Frisian language

group of Germanic languages

Frisian refers to three languages that comes from Friesland, a province in the Netherlands. They are spoken in the Netherlands, in Eastern Germany, and in some areas of Jutland, Denmark. It is also spoken on the Frisian Isles (Wadden Isles) and Western German (East Frisian) Isles such as Borkum.

Bilingual signs German-Frisian, police station Husum, Germany 0892.JPG
Bilingual sign in German and North Frisian, respectively, in Husum, Germany
Native toNetherlands, Germany
RegionFriesland, Groningen, Lower Saxony, Schleswig-Holstein
Native speakers
480,000 (ca. 2001 census)[1]
Early forms
Official status
Official language in
Regulated byNL: Fryske Akademy
D: no official regulation
unofficial: the Seelter Buund (for Sater Frisian), the Nordfriisk Instituut (for North Frisian)
Language codes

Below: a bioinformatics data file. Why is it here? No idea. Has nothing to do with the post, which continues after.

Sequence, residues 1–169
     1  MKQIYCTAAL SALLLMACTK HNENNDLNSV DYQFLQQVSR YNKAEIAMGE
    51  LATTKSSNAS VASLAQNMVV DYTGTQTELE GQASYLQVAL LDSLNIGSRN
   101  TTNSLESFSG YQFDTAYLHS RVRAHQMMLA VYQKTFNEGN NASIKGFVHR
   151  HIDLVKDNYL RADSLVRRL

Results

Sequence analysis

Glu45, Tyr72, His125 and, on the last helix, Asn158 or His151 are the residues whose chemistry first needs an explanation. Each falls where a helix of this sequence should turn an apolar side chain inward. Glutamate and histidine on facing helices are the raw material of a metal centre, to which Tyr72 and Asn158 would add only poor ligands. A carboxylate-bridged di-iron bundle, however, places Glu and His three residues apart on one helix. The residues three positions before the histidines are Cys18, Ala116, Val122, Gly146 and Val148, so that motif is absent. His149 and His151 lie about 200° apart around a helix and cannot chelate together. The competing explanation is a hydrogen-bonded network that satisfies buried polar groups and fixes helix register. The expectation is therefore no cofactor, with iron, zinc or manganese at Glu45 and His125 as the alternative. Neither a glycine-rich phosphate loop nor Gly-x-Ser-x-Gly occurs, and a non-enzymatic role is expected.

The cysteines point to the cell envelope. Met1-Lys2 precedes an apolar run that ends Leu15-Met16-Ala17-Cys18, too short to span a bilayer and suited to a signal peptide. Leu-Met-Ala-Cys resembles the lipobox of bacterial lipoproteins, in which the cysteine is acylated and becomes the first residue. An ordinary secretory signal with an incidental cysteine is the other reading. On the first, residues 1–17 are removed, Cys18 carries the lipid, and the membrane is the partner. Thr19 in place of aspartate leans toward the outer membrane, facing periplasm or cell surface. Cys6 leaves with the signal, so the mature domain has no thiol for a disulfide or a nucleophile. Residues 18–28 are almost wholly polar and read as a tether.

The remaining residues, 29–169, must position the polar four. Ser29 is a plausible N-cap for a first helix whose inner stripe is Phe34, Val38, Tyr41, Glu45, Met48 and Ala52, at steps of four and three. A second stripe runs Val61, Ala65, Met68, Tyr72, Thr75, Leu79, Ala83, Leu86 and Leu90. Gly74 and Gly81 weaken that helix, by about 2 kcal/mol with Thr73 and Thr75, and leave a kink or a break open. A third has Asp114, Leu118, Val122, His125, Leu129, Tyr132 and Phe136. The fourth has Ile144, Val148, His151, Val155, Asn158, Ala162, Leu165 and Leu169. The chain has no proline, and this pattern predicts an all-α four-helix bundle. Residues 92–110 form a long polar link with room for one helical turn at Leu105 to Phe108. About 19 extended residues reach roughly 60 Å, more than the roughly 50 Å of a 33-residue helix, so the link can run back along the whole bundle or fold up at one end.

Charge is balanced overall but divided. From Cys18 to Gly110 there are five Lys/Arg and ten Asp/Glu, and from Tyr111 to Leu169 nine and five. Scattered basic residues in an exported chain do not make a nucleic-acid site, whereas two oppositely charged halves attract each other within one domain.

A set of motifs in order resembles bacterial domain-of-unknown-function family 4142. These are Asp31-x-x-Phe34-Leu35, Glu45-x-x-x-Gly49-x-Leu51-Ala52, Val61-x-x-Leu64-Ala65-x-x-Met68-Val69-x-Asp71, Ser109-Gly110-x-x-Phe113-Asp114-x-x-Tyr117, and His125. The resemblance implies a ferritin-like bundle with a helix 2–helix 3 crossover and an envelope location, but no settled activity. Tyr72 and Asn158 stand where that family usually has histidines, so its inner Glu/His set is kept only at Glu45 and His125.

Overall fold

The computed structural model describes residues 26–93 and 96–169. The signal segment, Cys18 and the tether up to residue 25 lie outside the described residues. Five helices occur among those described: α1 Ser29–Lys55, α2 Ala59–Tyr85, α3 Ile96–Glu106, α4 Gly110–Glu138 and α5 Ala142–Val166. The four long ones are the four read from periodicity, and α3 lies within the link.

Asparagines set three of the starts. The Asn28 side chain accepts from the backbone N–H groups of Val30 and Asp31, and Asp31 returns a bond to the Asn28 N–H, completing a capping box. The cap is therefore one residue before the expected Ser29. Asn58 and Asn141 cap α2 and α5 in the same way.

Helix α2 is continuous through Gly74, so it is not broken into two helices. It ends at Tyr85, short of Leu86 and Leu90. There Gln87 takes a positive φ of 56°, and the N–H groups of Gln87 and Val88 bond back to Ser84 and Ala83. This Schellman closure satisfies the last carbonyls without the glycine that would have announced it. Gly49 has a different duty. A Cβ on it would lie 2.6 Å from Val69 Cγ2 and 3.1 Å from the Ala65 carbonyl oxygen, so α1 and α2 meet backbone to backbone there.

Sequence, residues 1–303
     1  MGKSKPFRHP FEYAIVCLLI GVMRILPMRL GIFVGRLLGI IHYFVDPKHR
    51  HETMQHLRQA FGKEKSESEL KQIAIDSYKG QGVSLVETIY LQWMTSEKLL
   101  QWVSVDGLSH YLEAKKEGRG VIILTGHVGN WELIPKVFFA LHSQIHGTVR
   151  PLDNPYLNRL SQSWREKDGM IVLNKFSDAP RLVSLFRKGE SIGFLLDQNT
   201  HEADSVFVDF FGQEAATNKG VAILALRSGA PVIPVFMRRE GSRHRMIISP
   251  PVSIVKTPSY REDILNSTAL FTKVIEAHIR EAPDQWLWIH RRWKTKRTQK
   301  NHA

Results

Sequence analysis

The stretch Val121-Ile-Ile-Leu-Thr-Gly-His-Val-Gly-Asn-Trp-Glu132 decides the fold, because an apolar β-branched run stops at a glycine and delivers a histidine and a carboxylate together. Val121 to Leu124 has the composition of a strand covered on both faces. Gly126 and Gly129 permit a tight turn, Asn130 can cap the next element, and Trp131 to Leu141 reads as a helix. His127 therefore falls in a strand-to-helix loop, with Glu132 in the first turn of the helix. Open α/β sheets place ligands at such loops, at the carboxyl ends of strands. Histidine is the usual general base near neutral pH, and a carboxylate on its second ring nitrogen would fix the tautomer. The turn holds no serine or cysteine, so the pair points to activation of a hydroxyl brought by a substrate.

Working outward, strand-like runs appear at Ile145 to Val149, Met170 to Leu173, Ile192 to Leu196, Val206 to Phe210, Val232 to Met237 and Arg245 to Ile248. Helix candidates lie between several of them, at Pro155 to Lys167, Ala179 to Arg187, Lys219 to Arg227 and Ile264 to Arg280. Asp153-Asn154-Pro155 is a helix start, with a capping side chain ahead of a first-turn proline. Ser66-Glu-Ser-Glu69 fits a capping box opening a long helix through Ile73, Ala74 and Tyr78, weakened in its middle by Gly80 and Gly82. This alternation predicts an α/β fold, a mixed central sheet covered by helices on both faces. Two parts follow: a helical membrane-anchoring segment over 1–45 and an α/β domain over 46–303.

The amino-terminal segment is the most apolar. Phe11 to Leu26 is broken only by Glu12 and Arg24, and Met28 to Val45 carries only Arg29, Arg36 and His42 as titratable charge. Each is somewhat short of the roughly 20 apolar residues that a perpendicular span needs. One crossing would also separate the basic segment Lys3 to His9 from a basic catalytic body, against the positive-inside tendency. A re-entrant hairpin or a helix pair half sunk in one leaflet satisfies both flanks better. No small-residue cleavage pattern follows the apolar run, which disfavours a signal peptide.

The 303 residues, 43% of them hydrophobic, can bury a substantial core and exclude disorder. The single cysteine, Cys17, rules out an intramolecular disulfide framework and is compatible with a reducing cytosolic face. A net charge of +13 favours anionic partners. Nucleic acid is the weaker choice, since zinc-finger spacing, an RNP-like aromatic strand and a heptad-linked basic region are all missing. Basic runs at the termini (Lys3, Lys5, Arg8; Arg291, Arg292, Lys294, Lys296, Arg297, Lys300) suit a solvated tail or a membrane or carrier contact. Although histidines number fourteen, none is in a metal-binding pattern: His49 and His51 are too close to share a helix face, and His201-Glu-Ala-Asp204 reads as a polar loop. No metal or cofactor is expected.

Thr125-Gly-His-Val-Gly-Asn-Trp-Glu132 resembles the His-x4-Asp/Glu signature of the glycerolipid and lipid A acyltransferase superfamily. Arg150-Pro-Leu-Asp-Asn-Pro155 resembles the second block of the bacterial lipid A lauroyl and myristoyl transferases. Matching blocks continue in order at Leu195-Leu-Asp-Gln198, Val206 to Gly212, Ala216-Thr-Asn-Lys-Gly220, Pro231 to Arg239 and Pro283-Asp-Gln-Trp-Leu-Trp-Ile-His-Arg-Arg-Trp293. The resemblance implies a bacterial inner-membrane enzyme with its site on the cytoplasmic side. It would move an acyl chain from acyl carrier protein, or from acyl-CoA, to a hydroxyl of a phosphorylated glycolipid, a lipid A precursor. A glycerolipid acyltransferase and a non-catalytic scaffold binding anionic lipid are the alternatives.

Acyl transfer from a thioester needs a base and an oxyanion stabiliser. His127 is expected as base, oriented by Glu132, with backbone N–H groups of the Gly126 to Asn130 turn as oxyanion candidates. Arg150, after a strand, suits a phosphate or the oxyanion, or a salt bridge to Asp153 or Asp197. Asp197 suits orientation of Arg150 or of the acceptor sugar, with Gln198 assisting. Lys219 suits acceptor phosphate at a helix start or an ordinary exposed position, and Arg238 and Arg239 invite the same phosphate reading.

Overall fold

ISO 639-3Variously:
fry – West Frisian
frr – North Frisian
stq – Saterland Frisian
Frisian languages in Europe.svg
Present-day distribution of the Frisian languages in Europe:

     West Frisian      North Frisian

     Saterland Frisian
Frisian speakers

They are West Germanic languages related to Dutch and are also the closest living languages to English. Since they have been spoken since Roman times, English could descend from Frisian directly.

The Frisian languages are:

Frisian languages comparison
language wordlist
English one two three four five six seven eight nine ten
West Frisian ien twa trije fjouwer fiif seis sân aacht njoggen tsien
North Frisian ian tau trii fjauer fiiw  sääks sööwen aacht  njugen tiin
Saterland Frisian aan two trio fjauer fieuw  sääks soogen oachte njuugen tjoon
  1. West Frisian at Ethnologue (18th ed., 2015)
    North Frisian at Ethnologue (18th ed., 2015)
    Saterland Frisian at Ethnologue (18th ed., 2015)
  2. Hammarström, Harald; Forkel, Robert; Haspelmath, Martin, eds. (2017). "Frisian". Glottolog 3.0. Jena, Germany: Max Planck Institute for the Science of Human History.